When John Milton compos’d, ‘his words, like so many nimble & airy servitors, trip about him at command,’ he could well have been writing about Balzac. A great creative artist, with supreme narrative powers, his Lost Illusions is one of the ninety novels & short stories which make up the Human Comedy, the umbrella term Balzac gave to his oeuvre, which depicts a hybrid world situated on the very boundary between real life & Balzac’s seer-like imagination, where everything is bath’d in the precise & illuminating light of Balzac’s visionary genius. His views on poetry are a case in point, which I have divide into three segments, all of which contain extracts from the actual novel. The translation is by Ellen Marriage,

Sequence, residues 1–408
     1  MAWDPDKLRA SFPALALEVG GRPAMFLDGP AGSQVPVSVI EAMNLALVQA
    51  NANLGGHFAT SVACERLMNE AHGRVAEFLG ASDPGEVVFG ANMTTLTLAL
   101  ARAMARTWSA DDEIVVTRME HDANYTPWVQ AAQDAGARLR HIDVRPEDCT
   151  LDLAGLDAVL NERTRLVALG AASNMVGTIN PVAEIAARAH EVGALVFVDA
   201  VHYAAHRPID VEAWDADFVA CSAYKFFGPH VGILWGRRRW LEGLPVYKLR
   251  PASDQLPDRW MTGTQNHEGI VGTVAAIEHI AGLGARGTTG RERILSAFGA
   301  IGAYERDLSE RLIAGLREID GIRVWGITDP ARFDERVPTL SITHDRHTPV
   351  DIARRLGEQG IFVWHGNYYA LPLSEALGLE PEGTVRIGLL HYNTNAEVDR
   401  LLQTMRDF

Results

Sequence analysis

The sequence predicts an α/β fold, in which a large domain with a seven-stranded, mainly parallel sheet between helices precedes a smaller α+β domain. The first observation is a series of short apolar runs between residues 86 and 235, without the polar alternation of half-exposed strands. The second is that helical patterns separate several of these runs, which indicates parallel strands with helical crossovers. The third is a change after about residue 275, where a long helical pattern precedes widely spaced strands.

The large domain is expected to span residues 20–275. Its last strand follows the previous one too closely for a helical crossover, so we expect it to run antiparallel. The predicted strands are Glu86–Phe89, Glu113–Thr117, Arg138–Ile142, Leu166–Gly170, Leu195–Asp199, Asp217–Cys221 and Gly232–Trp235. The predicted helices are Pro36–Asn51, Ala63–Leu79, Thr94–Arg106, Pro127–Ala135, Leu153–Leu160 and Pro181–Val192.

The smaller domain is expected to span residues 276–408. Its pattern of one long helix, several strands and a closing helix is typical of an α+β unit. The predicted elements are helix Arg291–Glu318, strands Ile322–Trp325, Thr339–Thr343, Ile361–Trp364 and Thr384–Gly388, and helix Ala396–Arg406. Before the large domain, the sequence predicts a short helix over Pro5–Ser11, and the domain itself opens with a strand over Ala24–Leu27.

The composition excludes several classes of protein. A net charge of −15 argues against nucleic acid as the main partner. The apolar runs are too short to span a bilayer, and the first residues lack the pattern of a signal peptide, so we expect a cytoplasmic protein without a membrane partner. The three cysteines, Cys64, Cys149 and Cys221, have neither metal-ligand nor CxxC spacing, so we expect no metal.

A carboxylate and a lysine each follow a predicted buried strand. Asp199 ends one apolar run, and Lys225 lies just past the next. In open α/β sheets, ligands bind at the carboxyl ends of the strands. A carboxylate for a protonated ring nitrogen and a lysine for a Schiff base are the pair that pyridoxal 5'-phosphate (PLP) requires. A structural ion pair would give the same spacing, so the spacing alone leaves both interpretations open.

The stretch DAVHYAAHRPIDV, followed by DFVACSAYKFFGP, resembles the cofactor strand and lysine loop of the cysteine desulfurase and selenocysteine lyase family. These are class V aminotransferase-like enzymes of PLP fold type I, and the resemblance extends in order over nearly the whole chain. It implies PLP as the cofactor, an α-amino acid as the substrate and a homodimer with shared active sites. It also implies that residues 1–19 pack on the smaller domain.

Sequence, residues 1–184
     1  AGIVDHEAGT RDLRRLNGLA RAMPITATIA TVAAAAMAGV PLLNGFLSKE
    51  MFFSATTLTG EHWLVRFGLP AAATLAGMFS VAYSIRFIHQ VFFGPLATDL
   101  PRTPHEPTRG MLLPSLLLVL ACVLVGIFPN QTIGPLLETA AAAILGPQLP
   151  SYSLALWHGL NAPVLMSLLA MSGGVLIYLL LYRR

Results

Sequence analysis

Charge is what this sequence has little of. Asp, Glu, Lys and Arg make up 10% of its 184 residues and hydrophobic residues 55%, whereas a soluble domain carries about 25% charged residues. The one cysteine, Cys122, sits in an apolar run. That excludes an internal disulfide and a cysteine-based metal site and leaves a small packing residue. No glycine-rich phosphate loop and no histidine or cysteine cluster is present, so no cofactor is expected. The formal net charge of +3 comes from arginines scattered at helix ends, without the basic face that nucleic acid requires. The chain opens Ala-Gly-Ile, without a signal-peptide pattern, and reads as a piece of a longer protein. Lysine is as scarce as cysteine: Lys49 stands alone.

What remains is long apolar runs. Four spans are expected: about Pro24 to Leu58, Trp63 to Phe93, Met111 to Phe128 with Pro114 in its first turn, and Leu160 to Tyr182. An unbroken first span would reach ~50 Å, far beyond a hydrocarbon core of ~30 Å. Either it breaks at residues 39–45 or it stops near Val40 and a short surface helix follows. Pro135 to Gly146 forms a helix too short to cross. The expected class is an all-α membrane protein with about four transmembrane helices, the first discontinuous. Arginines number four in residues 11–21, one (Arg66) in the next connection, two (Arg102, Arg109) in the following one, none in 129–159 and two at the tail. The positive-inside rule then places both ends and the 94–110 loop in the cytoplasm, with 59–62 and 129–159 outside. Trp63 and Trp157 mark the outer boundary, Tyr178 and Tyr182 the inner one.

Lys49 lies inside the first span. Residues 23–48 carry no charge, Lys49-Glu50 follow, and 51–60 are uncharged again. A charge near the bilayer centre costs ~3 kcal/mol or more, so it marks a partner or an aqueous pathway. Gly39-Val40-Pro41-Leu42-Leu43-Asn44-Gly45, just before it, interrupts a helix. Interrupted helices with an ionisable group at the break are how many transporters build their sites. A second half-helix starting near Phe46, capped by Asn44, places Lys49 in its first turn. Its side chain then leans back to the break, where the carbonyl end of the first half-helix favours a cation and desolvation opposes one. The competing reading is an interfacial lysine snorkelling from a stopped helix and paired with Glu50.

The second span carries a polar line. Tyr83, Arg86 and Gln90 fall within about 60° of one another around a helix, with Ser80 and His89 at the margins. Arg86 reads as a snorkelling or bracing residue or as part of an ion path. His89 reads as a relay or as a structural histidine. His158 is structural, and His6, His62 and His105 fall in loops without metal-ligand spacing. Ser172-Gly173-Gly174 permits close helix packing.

The first part sees Chardon accepting his fate as a poet, which follow’d, ‘a reading which had shown the two friends that a new sun was shining over the fields of literature,’ he would soon be reading poetry to the ‘High Society’ of his native Angouleme, to no great success, complete disinterest in fact. The second part is taken, from his time in Paris, where on one occasion he, ‘felt like an embryo among these men; he had admired Nathan’s book, he had reverenced the author as an immortal; Nathan’s abject attitude before this critic, whose name and importance were both unknown to him, stupefied Lucien.’ The section we will look concerns a number of sonnets, drawn from the fictional ‘Marguerites’ manuscript, consisting of several pieces from the pens of Balzac’s own friends, including one from the only famous poet among them, Theophile Gautier, author of the Tulip, & future dedicatee of Baudelair’s Fleurs de Mal.